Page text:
So, in this case, this it's now an issue. I'd leave it there. The first meeting in which I'm presenting this to other people, I'd leave it there. Then as soon as that meeting is over, I'm moving it out the way because it's the issue now, that's the important thing. No one cares about the old risk. It failed, right? You've failed to mitigate it or somebody failed or it just couldn't be resolved. And when I say failure, I'm not judging anybody. I mean, literally people tried, right? Everyone tried their absolute best. It didn't work. Moving on. It's an issue let's get on with it. This is where it's interesting because your mitigation and contingencies mean you've already thought about contingencies, so you're ready to go. And it could be, but you've already started them working. So actually, maybe you've already got a bit of a head start.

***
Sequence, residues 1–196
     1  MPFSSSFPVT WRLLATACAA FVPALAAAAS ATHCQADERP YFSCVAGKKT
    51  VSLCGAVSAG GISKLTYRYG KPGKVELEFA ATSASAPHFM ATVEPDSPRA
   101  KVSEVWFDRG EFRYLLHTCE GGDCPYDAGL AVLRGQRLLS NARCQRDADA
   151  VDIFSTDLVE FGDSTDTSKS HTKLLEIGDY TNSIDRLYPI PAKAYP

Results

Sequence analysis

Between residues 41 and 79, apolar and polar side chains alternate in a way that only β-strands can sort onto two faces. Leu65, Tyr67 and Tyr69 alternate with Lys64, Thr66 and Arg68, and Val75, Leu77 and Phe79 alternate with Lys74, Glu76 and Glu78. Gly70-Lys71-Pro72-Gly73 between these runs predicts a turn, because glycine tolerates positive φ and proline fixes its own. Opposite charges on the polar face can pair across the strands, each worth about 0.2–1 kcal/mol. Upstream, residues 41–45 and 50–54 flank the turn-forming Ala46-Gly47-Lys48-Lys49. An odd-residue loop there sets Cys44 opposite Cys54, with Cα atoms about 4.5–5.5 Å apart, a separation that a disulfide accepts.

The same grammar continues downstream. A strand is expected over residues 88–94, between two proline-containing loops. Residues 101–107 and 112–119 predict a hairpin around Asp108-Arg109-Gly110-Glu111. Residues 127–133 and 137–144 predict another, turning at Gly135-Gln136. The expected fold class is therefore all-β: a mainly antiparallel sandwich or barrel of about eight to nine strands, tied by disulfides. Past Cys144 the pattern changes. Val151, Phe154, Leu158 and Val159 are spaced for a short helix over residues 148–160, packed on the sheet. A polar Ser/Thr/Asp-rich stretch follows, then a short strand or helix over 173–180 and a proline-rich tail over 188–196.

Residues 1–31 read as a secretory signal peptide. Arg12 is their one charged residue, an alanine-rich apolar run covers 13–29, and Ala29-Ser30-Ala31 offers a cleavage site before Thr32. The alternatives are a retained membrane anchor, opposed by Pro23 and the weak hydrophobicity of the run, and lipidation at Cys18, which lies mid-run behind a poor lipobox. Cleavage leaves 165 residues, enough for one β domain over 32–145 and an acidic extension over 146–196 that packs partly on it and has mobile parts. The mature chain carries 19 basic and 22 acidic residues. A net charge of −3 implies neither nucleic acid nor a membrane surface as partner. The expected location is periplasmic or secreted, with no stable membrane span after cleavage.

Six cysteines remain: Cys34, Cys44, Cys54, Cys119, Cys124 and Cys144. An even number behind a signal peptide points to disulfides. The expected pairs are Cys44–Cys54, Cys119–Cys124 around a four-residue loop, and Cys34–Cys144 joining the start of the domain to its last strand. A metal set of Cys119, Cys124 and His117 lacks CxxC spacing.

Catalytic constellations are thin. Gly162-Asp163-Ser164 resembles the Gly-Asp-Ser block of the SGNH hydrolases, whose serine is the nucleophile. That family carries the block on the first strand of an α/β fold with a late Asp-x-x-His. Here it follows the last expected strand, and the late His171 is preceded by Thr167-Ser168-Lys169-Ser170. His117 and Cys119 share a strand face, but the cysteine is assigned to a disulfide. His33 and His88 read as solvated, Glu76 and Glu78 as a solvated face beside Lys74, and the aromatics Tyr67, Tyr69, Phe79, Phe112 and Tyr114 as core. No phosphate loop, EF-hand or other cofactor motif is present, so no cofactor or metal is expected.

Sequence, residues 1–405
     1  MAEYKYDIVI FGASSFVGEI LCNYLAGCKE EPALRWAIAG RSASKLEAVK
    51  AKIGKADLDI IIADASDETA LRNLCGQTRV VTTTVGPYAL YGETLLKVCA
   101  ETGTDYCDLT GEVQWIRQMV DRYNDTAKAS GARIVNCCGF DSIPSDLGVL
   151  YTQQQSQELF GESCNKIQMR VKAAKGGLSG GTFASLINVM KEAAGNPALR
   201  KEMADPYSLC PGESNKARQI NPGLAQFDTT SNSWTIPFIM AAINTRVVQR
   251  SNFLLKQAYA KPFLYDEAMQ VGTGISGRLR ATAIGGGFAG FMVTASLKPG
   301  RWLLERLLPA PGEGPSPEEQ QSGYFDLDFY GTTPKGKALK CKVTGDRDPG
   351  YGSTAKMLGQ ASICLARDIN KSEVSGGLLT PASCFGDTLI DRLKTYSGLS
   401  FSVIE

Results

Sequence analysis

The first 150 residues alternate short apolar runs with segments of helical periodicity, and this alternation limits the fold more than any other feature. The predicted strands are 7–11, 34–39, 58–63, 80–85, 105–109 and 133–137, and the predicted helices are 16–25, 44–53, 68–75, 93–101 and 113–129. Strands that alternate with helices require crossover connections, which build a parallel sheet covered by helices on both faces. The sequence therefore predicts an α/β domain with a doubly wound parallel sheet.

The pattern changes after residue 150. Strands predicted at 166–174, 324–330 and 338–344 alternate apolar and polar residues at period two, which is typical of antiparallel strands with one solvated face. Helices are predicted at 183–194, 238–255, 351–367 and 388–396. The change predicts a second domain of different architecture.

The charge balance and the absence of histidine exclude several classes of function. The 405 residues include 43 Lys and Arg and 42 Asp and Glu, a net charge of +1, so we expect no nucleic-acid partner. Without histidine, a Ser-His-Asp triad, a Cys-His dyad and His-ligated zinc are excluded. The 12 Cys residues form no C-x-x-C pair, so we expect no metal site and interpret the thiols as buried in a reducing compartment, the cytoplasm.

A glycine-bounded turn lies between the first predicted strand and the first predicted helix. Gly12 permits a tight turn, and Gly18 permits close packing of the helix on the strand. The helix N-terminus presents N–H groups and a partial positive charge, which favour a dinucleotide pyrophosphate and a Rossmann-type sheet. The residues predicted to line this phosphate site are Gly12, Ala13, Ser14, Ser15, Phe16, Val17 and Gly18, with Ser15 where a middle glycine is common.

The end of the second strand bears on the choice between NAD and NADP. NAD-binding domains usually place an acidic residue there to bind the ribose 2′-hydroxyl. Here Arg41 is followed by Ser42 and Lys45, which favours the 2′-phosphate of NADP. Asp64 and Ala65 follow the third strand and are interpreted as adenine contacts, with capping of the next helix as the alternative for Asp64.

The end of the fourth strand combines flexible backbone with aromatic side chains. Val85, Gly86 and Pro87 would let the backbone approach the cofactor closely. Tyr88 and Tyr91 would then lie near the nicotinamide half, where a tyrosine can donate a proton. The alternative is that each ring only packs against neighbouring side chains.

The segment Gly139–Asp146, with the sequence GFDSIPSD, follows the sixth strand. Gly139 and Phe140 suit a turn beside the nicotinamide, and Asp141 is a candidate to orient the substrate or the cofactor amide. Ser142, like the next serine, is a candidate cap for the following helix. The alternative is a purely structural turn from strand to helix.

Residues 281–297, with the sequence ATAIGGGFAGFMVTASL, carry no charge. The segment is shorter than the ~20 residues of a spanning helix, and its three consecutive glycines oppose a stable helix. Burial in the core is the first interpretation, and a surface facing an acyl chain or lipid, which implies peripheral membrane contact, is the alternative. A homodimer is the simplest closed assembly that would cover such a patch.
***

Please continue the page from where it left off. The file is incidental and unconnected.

It depends. Right? If you're lucky, it depends on what other people were doing and if you had anybody. So here, there's no probability because it's happened. The impact is still an impact. The risk score doesn't count. Who cares? Right? Just ignore. But now you can put issues and risks together and you can order these things however you want. So, you could put in any extra column just to help you with that. But if you have a leadership meeting column where you have a yes or a no, and you simply tack by that or filter by that and say, show me everything marked as yes. And it would just show that stuff. And then you go to a leadership meeting and you talk through only those things that are shown. And then, then you can show them the things that aren't, that you didn't want to show them if there's time. The reason for doing that is guarantee you, you spend one hour talking through risks and issues you'll get through about six. Because you hit the first one maybe you'll be lucky. And people go, Oh, that's resolved now. Oh, is it? Oh, okay, okay, well, so what should we put into the update’s comments? Oh, well yeah. Blah, blah, blah, blah, blah happened. And then you guarantee that somebody in the room will go, well, hang on. Are you sure that worked? Because I was talking to so and so this morning just for this meeting and they told me that actually that, that had happened, but it hadn't fixed the problem. And then the original person goes, well, I got told it had fixed the problem. And then, you know, yeah, that's life, right? That's just life. That's just the way it is.